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From deep red to grey velvet, the cinema of Dario Argento drips with pungent pigmentation. Vivid color is deployed for texture and sensuality. The primary hues of SUSPIRIA’s Tans Academy pulsate with a primal femininity. The densely filtered light in INFERNO creates a heady dreamscape saturated with dangerous allure.
And then there’s the fluid crimson, often held in sharp relief against white walls, reflective glass or pale flesh. Argento stains his imagery with baroque fanaticism, a crazed Fauvist painting frenzied nightmares from his psychedelic palette. At first, it comes as no surprise that he has named his latest film after a block of solid color: GIALLO (yellow).
This is the shade many associate with the Italian director, who made such significant contributions to the giallo genre as THE BIRD WITH THE CRYSTAL PLUMAGE and TENEBRAE. Gialli were stylish whodunits with an excess of violence and gore, based on pulp detective fiction whose editions sported garish yellow covers (hence the name) as if dipped in some pleasurable poison. And Argento (whose own surname means “silver”) laced his films with enough gold fever to cement his reputation as a master surgeon of Italian horror cinema.
But over the last decade, standards have slipped. For a filmmaker who was always so precise in his construction and cutting, his later films such as THE PHANTOM OF THE OPERA and THE CARD PLAYER are sloppy, stitched together so carelessly that they leak vital fluid. Gradually, the kaleidoscopic style that once characterized his films has slowly blanched away. It was a hopeful moment when it was announced that GIALLO was in production—a return to his seminal genre, perhaps a rekindled embrace of painted light.
Sadly, the film evaporates in a mist of pastel watercolor, Argento’s visual signature feebly dripping away at the edges of the frame, its plot a wishy-washy puddle of incontinent mess. Detective Enzo Avolfi (played with typical skeletal diffidence by Adrien Brody) has been on the trail of a brutal serial killer who has a nasty habit of abducting and defacing foreign women. When the sister of American stewardess Linda (Emmanuelle Seigner) is kidnapped, the two of them are forced to work together to rescue the girl before her face is mangled like an auto wreck.
Our villain (played by, ahem, Byron Deidra) is a deformed misfit who has the misfortune of having the skin-tone of cloudy urine. Taunted by memories of being bullied at school—where classmates picked on the jaundiced pariah by cursing him with that most damaging of playground insults, “Yellow”—the adult Beast cannot now bear to look at Beauty without wanting to disfigure it. So “Yellow” indulges in his own form of reconstructive surgery, snipping off a nostril or injecting a tongue with anesthetic until it swells to bovine proportions.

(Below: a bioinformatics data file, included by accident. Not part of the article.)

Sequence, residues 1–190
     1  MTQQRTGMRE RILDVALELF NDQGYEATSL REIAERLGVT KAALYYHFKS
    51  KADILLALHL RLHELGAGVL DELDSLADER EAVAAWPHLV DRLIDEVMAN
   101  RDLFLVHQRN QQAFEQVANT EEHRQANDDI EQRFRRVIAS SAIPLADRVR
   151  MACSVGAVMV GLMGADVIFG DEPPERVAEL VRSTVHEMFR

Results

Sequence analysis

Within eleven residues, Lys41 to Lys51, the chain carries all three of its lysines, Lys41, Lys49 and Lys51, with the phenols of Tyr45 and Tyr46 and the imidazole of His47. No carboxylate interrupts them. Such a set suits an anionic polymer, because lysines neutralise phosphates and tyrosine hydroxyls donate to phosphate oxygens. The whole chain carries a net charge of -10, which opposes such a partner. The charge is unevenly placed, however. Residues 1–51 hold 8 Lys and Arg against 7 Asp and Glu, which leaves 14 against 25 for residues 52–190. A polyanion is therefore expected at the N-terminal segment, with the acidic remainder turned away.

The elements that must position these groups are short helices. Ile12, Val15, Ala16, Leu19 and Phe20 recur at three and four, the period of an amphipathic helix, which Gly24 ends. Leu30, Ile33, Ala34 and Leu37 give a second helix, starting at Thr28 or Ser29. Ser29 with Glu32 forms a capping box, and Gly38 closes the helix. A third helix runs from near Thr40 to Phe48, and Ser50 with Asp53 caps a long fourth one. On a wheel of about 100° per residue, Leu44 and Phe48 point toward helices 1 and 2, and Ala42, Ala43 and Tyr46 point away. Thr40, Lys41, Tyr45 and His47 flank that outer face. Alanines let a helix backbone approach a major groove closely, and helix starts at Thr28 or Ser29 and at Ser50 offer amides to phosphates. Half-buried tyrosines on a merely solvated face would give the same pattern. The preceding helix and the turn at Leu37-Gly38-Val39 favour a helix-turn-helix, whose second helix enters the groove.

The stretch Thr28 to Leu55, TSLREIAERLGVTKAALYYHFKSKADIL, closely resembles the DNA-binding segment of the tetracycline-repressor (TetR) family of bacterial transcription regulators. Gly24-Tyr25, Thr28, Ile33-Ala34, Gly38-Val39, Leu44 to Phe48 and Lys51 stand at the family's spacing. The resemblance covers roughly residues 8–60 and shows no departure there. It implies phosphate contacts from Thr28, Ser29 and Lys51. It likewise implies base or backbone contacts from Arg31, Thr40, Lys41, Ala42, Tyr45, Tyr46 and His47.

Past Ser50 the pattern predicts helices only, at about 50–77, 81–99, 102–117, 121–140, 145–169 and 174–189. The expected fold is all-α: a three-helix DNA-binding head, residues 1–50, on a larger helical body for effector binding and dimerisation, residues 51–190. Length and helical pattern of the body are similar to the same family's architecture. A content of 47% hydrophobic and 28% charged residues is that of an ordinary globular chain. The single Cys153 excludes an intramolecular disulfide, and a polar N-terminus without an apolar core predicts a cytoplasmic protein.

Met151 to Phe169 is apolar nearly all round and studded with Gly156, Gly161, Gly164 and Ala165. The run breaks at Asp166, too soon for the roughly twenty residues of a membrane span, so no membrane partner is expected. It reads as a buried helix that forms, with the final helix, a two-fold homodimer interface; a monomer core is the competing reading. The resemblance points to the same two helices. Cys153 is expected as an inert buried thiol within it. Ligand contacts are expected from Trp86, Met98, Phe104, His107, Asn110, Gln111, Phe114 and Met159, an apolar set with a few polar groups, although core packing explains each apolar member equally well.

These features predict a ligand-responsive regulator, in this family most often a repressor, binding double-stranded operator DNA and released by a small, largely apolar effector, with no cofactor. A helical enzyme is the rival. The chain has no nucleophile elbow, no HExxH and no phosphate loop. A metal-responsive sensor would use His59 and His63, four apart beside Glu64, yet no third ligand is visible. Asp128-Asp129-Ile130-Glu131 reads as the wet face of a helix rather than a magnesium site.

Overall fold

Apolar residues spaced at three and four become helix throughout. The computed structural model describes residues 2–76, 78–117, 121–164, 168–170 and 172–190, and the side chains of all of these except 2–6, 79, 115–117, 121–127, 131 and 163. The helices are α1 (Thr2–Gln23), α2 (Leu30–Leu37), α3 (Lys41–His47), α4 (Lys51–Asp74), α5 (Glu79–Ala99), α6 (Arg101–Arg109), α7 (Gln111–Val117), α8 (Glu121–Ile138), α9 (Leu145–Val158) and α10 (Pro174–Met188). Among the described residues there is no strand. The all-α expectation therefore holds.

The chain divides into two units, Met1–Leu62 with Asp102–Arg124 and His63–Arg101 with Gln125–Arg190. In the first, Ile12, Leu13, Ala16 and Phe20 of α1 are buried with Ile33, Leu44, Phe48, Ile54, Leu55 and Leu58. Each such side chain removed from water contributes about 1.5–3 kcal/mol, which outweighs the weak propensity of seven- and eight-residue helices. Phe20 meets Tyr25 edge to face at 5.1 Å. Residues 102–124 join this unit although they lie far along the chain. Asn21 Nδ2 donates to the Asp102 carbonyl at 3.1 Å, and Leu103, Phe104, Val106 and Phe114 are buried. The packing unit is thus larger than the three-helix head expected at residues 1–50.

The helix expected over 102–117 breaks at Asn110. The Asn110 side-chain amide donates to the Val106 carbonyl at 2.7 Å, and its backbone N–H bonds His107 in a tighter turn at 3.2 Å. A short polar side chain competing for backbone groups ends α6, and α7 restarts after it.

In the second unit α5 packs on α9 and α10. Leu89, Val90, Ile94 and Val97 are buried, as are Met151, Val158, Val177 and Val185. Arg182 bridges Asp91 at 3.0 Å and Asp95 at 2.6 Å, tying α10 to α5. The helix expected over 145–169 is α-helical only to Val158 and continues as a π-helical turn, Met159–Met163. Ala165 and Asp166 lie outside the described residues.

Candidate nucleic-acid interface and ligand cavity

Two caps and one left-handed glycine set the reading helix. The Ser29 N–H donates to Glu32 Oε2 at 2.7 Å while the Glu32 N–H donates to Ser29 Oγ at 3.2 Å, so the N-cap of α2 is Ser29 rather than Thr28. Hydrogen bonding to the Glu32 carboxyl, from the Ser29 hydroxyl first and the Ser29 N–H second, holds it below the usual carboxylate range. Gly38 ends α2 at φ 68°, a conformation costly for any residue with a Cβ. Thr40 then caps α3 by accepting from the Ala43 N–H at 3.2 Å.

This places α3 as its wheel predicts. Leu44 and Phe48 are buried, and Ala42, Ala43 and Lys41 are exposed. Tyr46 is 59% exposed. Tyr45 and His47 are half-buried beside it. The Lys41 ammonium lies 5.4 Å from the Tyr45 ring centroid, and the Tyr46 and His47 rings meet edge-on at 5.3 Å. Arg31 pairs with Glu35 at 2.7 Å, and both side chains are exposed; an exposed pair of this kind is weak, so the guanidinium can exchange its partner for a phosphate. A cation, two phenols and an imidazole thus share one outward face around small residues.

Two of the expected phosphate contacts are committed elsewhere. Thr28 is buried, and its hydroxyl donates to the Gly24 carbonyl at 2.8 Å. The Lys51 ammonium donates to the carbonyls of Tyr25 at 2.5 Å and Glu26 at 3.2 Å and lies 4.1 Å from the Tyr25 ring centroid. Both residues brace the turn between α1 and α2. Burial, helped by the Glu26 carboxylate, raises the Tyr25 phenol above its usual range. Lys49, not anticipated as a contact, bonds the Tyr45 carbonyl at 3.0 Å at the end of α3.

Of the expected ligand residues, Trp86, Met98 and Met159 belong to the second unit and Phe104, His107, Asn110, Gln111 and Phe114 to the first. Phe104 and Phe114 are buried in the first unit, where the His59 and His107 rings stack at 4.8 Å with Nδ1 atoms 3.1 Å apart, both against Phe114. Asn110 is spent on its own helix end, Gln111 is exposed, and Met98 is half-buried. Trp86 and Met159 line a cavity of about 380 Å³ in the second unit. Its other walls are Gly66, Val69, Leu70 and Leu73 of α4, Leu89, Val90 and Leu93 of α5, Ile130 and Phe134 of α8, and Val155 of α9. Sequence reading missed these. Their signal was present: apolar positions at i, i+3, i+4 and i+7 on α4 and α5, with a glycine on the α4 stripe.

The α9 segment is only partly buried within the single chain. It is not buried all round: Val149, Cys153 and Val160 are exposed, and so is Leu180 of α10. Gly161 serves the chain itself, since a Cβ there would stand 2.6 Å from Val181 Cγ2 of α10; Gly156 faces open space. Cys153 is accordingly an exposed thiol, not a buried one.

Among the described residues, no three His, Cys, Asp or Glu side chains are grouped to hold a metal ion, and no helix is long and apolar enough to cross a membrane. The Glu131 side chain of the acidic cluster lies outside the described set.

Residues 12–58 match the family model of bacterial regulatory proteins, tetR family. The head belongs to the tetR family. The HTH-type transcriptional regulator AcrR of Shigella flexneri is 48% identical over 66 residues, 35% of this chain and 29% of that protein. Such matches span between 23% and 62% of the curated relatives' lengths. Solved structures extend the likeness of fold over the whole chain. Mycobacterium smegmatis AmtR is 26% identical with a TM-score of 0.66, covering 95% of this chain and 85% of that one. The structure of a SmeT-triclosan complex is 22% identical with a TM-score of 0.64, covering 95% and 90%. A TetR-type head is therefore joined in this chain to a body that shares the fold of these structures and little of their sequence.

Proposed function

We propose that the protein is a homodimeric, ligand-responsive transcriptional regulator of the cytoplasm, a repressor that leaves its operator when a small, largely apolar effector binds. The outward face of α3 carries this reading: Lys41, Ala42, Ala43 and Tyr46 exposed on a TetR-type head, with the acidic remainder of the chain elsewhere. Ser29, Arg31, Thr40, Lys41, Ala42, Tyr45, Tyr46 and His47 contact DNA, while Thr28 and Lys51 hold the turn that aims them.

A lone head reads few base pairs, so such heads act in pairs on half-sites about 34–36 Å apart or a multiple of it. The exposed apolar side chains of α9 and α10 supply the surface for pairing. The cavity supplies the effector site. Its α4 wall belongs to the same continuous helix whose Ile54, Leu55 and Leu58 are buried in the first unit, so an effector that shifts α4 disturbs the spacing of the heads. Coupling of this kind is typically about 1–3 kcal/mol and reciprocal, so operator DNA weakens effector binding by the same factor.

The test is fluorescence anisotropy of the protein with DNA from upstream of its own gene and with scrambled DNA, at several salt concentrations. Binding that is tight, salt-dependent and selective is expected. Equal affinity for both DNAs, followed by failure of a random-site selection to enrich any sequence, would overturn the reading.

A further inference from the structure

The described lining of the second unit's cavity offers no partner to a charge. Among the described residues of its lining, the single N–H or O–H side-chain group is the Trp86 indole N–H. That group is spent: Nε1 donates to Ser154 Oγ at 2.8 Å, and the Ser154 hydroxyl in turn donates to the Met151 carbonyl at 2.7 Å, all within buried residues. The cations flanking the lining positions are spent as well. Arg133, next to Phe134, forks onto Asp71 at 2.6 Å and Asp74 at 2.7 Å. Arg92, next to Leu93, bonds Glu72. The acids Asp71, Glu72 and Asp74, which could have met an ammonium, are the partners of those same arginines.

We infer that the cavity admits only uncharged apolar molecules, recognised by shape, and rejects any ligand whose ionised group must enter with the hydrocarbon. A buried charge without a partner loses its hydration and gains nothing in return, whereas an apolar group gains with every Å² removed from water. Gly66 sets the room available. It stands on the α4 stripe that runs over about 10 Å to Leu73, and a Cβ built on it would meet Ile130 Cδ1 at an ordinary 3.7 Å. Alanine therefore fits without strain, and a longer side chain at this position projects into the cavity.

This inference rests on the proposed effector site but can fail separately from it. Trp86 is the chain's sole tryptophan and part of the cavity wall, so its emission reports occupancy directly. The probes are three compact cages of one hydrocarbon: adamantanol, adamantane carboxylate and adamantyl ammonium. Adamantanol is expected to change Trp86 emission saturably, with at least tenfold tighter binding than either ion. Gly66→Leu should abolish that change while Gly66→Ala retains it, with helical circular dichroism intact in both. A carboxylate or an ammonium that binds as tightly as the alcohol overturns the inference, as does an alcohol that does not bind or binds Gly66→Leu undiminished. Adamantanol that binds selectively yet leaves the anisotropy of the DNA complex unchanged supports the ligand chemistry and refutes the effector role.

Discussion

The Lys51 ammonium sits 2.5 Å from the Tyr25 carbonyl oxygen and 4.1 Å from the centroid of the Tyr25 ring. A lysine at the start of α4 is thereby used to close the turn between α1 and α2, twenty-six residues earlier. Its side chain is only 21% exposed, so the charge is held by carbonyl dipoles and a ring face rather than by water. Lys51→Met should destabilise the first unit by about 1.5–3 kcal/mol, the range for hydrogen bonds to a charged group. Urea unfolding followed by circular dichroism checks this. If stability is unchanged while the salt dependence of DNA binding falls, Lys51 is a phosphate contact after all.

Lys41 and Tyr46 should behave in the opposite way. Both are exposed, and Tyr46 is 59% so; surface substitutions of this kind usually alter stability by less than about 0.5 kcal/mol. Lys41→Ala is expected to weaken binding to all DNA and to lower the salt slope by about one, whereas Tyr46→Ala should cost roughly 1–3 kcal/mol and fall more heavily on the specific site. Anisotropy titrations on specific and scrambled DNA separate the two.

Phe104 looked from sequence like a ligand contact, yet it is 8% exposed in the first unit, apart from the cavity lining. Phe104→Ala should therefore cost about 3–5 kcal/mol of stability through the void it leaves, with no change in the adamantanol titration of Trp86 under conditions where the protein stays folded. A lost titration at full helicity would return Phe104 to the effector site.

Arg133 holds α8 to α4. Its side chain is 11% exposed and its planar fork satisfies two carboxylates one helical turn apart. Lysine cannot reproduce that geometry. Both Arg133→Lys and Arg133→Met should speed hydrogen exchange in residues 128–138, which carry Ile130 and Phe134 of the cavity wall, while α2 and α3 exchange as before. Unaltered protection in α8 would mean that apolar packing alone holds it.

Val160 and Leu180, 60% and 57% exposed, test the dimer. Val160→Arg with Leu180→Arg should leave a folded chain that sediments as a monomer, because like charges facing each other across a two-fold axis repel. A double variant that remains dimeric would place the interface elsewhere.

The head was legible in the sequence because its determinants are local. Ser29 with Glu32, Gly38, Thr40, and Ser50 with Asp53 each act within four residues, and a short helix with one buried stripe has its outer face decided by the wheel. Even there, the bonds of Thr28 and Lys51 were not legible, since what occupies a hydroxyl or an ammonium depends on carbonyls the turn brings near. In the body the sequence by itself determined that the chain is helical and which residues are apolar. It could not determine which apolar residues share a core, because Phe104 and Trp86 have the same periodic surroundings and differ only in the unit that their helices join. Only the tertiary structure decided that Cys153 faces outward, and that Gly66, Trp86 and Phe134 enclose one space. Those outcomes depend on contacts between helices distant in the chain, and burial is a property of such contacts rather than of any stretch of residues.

With its suggestive title, one could be forgiven for thinking that GIALLO might have elements of mystery and suspense. But by introducing the killer so early on, the film becomes one long, admittedly brutal, torture scene between captor and victim, while our stilted duo search Turin for people with addled livers. In the absence of any whodunit intrigue, the plot becomes a race against time to locate the whereabouts of the damsel in distress, one who has been introduced so perfunctorily before being strapped to a tool-strewn workbench that it is difficult to care what happens to her. Avolfi certainly doesn’t seem bothered; when he tracks down the flaxen fiend, he proclaims triumphantly, “Gotcha, you yellow f**k,” sparing little thought for the captive woman.
As usual in these types of stories, Avolfi is only a slightly different shade of Yellow—a sour lemon to the murderer’s bitter mustard. Both are fascinated with vicious death, Avolfi’s office littered with images of maimed womanhood. Both violently avenge childhood injustice, with Avolfi turning teenage vigilante in a diseased-sepia flashback after witnessing the horrific stabbing of his mother. And the two are played by actors with frighteningly similar names. In the final scenes, a po-faced Linda chides the sheepishly skeletal detective with the plainly obvious: “You’re just like him.” No shit.
This observation might also apply to Argento himself. With black, scraggly locks falling to his misshapen jawline and seeming to stick to his skull, Yellow sports a hairstyle not unlike the director’s trademark bob. It is well known that the director has a penchant for putting himself in his films, lending his hands to the black gloves that mete out death to beautiful women. Here he has formulated a physical self-portrait of awkward cruelty. Like many of Argento’s psychos, this creation, with dark eyes accentuated, searches for voluptuous females to destroy on camera, photographing his victims through the various stages of their demises. But we also see Yellow sitting at a computer screen scrutinizing his “rushes”; using a magnifying glass to enlarge the shots of gashed female skin, he sucks on a dummy, masturbating. It’s hard to know how to take this. If Argento is creating a stronger personal identification with his sadistic voyeur, he is doing so in poor taste. If he is conjuring up some monstrous parody of himself, it is misjudged in a film so deadpan in tone.
Either way, this is a deeply disappointing work from a director who seems to be yellowing with age, his vision progressively jaundicing. After so many consecutive misfires, it might seem that Argento’s creative career is coming to an end. With a film like GIALLO, he only builds the gallows higher.
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